- dark blue construction paper
- black construction paper
- leftovers of construction paper in several colors
In this lesson students cut a performance out of paper just like Matisse did with his work: The fall of Icarus.
Matisse (1969-1954) was a French sculptor and painter. He is seen as the founder of fauvism. In his last years of life Matisse wasn't able to paint anymore. A pair of scissors was the tool he used to transform painted papers (painted by assistants) into a world of plants, animals, shapes and figures.
One of these cut-outs is the artwork Icarus (1947).
Read the myth of Daedalus and Icarus.
Then look at the original artwerk Icarus.
What do you see? At what time of day were Daedalus and Icarus flying and how can you see that? (at night - dark blue paper, stars). What do you notice about the body of Icarus? (limbs have different thicknesses) What can you deduce from that? (no drawing in advance but cut out of the hand) What could be the red dot? (heart) How do you know Icarus is falling? (arms spread, head not straight on the body) Can you see that Icarus is falling into the see? (no) What else could he fall in?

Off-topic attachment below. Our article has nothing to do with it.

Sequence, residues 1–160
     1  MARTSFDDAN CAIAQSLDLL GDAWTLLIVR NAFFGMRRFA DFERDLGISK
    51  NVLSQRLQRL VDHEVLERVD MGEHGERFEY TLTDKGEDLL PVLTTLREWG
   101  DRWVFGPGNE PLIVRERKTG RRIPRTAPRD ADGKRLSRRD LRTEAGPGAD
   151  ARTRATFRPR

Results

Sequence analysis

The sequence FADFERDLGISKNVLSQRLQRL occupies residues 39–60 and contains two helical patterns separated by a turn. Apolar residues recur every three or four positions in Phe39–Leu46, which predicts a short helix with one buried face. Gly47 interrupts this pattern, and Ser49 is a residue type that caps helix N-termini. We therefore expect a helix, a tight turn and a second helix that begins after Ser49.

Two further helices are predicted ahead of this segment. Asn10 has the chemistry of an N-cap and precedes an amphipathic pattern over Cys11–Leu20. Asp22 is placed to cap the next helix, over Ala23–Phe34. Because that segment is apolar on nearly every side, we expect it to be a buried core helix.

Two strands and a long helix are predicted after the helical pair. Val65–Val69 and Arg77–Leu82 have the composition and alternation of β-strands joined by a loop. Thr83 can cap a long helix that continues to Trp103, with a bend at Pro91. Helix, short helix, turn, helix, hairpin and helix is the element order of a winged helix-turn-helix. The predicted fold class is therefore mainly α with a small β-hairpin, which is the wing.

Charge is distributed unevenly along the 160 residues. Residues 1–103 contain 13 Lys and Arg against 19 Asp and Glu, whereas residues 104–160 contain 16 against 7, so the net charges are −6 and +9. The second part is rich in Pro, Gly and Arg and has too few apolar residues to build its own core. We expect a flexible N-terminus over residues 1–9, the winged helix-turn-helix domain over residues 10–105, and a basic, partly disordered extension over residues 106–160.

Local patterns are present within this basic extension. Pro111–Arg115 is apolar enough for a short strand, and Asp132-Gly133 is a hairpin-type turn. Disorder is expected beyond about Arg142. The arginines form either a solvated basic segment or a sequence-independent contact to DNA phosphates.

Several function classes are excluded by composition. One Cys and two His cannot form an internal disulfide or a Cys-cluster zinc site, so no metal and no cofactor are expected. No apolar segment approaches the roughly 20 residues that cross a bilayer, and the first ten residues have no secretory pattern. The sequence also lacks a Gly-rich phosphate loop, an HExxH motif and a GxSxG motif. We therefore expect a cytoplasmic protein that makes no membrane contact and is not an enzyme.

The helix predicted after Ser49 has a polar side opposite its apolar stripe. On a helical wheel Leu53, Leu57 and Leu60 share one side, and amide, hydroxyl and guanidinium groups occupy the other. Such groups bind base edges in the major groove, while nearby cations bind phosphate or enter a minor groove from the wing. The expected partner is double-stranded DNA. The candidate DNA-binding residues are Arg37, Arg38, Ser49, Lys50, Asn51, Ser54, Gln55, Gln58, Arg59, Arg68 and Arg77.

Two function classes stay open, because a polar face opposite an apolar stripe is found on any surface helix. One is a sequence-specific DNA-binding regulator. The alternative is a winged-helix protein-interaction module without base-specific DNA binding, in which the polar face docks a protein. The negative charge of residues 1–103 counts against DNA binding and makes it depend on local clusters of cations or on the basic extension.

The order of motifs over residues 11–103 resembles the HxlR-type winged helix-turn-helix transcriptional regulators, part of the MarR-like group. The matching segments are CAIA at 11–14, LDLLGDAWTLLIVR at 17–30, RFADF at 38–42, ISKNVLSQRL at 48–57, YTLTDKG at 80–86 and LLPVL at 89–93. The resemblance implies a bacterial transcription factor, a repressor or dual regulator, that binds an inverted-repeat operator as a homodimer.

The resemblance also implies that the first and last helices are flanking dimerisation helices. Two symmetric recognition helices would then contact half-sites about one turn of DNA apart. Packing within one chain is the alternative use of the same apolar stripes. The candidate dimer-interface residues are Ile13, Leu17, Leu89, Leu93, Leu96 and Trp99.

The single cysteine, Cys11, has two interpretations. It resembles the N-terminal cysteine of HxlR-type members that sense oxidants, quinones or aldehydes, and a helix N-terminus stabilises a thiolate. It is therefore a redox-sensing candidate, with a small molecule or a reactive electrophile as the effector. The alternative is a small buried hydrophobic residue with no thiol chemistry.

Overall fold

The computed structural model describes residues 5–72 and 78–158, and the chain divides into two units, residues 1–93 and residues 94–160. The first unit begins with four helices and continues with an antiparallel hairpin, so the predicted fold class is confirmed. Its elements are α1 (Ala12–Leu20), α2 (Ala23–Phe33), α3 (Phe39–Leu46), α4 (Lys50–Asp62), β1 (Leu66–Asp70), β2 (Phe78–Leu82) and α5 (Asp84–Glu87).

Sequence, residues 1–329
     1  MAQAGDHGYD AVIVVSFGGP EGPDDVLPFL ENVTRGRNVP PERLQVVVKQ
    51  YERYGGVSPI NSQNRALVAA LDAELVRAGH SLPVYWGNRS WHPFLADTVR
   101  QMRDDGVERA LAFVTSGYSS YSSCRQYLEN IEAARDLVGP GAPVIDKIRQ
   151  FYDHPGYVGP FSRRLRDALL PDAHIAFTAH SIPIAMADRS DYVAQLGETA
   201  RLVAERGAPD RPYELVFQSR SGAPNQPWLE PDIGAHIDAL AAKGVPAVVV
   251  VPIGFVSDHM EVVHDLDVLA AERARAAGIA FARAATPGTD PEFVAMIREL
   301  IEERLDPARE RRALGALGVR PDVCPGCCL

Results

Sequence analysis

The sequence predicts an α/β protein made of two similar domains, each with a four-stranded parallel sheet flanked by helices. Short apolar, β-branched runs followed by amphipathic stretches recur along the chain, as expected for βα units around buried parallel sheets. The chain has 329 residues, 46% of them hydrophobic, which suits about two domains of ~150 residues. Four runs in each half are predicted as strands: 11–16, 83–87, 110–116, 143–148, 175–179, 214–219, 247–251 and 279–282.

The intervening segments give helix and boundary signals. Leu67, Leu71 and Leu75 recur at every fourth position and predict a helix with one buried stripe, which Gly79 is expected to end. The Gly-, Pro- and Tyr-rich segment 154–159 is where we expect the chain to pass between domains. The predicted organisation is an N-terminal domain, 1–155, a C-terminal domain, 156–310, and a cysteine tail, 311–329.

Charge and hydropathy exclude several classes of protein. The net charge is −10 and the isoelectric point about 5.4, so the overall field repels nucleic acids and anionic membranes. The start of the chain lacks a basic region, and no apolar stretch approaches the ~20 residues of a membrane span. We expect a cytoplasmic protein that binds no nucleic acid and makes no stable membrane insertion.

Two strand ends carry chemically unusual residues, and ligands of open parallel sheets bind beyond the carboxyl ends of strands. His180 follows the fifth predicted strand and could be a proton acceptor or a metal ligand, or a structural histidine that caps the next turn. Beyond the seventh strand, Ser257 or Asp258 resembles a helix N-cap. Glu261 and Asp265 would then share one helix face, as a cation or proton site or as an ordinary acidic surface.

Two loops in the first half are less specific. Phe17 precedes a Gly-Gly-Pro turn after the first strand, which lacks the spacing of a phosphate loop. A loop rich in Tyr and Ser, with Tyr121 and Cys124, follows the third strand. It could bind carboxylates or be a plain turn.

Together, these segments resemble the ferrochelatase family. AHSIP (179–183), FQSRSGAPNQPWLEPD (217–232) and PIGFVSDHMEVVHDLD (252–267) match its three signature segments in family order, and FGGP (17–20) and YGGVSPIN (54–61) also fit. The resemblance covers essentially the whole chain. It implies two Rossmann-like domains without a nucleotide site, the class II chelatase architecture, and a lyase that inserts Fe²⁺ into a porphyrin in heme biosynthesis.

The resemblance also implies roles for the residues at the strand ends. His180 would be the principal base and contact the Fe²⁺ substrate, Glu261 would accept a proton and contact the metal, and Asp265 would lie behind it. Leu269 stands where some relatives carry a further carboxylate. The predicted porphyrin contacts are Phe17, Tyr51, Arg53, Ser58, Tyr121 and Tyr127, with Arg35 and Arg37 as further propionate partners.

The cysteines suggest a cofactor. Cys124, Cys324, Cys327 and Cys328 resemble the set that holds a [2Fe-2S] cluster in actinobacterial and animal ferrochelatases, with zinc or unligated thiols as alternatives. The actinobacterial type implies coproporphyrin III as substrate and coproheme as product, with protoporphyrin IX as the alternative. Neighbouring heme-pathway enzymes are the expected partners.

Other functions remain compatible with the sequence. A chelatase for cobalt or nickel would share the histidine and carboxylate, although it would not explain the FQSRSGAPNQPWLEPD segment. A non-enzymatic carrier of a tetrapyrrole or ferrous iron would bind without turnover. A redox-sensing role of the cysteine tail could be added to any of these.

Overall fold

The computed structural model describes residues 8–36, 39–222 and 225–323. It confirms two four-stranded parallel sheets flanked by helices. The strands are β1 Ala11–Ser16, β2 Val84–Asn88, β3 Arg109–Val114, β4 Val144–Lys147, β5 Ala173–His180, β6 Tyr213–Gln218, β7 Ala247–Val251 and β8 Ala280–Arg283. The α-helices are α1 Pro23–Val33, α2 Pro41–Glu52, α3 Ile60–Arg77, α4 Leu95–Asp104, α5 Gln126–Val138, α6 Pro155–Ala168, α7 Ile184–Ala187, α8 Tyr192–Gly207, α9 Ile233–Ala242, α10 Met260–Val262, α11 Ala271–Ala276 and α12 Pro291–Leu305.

The real Icarus fell into the sea, but our Icarus falls into something else ... and you decide for yourself into what! Trees? A city? On a church?
Cut a falling human out of black construction paper. You're not allowed to make a drawing in advance, just cut 'out of the hand'. If the first time fails, you take a new black sheet. Cut some stars. Cut a surface: in what is Icarus falling? Place the loose parts on a blue sheet and stick all of them.
All artworks made by students of grade 3.